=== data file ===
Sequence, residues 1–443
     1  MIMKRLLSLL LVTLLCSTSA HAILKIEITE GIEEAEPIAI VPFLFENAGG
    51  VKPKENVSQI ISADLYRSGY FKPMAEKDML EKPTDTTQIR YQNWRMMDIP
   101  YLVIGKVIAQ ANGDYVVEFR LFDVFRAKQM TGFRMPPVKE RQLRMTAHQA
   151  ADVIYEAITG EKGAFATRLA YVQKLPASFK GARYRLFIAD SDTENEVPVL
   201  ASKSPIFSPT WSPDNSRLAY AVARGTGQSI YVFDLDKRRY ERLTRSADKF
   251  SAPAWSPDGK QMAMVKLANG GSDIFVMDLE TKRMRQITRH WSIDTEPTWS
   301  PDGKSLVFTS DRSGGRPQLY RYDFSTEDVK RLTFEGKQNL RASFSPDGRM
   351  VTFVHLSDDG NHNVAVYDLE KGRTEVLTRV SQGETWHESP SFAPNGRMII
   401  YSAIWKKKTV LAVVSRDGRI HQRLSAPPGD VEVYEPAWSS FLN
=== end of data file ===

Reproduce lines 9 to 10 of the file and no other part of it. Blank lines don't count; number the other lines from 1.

   351  VTFVHLSDDG NHNVAVYDLE KGRTEVLTRV SQGETWHESP SFAPNGRMII
   401  YSAIWKKKTV LAVVSRDGRI HQRLSAPPGD VEVYEPAWSS FLN